31, that are equitably distributed among 3 recovery areas/States for 3 
successive years (68 FR 15804). Our current estimates indicate wolf 
populations in northwestern Montana where they are designated 
threatened, and in central Idaho and Yellowstone where they are 
designated experimental, have exceeded this recovery goal. In late 2002 
there were about 663 wolves and 43 breeding pairs equitably distributed 
throughout Montana (about 183 wolves and 16 breeding pairs), Idaho 
(about 263 wolves and 9 breeding pairs), and Wyoming (217 wolves and 18 
breeding pairs) (Service et al. 2003). The year 2002 was the third 
successive year that the wolf population in Montana, Idaho, and Wyoming 
had 30 or more breeding pairs. The wolf population continues to expand 
in the NEP areas. At the end of 2003, the wolf population was estimated 
at 761 wolves and 51 breeding pairs. Montana had an estimated 182 
wolves and 10 breeding pairs, Idaho had 345 wolves and 25 breeding 
pairs, and Wyoming had 234 wolves and 16 breeding pairs (Service et al. 
2004). Preliminary monitoring in 2004 indicates the wolf population 
continues to increase, again primarily in the NEP areas (Service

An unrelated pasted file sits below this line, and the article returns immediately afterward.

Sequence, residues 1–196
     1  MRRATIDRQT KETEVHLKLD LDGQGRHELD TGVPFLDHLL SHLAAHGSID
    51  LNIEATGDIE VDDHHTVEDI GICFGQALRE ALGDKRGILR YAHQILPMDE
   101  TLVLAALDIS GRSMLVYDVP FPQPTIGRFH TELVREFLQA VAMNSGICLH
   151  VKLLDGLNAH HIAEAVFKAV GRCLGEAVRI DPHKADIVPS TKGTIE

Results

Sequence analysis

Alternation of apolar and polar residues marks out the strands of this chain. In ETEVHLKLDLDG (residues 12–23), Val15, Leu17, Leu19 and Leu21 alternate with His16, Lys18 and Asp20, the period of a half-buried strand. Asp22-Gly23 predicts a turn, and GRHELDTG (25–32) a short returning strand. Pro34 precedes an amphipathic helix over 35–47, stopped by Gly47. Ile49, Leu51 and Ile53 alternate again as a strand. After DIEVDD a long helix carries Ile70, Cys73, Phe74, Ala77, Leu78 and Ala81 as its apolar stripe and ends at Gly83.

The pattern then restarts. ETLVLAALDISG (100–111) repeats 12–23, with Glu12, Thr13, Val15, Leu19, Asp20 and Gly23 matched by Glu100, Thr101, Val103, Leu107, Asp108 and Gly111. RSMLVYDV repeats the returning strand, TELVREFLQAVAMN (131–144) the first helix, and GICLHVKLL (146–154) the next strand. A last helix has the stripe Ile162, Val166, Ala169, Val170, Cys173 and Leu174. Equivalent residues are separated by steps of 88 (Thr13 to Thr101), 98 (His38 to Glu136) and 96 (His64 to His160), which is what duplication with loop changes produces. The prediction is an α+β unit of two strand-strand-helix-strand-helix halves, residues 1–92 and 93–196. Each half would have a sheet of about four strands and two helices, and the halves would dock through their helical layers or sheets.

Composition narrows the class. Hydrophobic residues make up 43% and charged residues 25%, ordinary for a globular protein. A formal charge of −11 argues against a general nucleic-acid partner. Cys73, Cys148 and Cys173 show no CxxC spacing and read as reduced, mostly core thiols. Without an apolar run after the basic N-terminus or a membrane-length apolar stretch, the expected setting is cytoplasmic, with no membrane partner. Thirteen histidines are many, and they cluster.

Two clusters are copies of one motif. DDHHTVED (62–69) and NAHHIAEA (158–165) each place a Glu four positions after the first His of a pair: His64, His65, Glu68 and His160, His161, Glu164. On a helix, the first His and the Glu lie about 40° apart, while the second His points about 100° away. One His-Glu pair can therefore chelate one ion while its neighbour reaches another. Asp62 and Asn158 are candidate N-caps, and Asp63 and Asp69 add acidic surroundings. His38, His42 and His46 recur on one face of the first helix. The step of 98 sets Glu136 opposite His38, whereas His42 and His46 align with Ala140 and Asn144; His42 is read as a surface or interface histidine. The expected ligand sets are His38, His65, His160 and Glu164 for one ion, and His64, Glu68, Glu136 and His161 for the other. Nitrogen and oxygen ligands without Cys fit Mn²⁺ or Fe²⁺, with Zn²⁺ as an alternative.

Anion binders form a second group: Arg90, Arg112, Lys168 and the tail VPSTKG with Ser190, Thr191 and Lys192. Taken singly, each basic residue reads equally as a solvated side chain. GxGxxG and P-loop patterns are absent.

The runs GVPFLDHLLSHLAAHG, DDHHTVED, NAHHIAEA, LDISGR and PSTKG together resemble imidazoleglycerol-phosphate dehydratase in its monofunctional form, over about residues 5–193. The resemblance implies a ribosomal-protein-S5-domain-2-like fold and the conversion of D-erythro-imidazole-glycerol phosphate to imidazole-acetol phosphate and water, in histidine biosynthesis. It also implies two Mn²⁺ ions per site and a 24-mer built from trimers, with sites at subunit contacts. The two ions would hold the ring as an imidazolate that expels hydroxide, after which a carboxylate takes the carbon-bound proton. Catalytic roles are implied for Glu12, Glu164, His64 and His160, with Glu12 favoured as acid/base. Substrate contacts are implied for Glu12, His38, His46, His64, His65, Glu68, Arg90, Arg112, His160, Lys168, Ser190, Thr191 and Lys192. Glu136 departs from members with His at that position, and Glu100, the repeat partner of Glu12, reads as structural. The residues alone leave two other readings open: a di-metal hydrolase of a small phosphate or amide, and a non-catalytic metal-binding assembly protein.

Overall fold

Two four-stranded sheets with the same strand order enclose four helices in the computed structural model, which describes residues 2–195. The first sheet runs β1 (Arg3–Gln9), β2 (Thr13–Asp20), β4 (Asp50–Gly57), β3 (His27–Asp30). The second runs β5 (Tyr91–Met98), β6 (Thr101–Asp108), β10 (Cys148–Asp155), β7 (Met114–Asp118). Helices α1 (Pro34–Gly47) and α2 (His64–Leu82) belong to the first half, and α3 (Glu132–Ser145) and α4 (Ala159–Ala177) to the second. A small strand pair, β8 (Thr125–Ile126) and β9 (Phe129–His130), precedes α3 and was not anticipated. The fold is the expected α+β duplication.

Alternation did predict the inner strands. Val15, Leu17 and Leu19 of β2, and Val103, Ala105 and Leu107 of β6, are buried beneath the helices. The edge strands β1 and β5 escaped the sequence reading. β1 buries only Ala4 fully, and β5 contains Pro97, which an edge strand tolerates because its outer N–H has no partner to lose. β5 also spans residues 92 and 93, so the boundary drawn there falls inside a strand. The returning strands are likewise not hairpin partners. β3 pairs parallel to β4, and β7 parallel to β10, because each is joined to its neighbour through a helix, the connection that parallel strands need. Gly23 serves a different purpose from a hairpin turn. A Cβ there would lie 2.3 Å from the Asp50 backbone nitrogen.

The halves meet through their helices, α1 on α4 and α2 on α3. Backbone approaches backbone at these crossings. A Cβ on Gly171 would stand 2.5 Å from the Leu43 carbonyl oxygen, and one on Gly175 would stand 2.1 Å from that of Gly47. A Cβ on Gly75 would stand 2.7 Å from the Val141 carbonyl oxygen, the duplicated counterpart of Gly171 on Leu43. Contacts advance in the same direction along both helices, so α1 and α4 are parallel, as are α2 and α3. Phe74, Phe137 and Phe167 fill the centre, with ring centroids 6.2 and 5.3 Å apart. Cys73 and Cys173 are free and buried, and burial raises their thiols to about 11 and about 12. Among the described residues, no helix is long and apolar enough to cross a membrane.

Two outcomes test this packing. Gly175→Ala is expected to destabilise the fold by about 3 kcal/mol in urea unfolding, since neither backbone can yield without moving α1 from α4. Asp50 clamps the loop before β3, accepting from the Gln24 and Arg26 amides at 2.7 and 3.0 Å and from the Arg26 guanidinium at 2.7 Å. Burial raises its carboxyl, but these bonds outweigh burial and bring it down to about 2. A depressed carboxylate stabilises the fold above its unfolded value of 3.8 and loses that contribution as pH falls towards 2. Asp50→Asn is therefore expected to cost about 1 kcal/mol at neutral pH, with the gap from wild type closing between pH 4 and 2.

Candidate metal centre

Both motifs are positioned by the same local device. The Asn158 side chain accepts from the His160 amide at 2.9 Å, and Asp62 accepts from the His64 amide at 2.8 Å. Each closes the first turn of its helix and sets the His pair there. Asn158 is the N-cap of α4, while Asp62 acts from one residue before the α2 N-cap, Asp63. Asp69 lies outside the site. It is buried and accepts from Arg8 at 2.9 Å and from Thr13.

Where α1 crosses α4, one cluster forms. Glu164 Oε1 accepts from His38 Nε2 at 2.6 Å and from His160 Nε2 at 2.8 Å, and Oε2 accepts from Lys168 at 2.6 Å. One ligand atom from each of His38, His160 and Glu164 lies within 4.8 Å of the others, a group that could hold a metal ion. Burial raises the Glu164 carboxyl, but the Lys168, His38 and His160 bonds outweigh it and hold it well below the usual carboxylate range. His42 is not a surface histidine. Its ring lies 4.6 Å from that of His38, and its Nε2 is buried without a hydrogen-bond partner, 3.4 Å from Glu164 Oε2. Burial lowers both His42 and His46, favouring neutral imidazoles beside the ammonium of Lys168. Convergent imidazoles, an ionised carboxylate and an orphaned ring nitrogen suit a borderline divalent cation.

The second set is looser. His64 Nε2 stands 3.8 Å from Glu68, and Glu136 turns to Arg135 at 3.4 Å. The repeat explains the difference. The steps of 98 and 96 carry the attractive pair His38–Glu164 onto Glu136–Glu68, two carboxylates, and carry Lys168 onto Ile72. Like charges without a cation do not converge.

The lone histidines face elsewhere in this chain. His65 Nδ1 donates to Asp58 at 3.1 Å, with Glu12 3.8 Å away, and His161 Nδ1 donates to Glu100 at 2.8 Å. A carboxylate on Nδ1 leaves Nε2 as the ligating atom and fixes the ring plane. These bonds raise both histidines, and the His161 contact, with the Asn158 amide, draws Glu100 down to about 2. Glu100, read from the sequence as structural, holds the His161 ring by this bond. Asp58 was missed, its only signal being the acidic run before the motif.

Currently Designated Nonessential Experimental Populations of Gray 

    The Secretary designated two NEP areas for gray wolves in the 
Northern Rockies. Wolves were reintroduced into the Yellowstone NEP 
Area and the Central Idaho NEP Area in 1995 and 1996. The 
reintroductions as experimental populations were intended to further 
the recovery of gray wolves in the northern United States Rocky 
Mountains, as described in the recovery plan (Service 1987), and 
provide more management flexibility to address local and State concerns 
about wolf-related conflicts.
    The Central Idaho Experimental Population Area consists of the 
portion of Idaho south of Interstate Highway 90 and west of Interstate 
15; and the portion of Montana south of Interstate 90, west of 
Interstate 15, and south of Highway 12 west of Missoula (59 FR 60266; 
November 22, 1994).
    The Yellowstone Experimental Population Area consists of the 
portion of Idaho east of Interstate Highway 15; the portion of Montana 
east of Interstate Highway 15 and south of the Missouri River from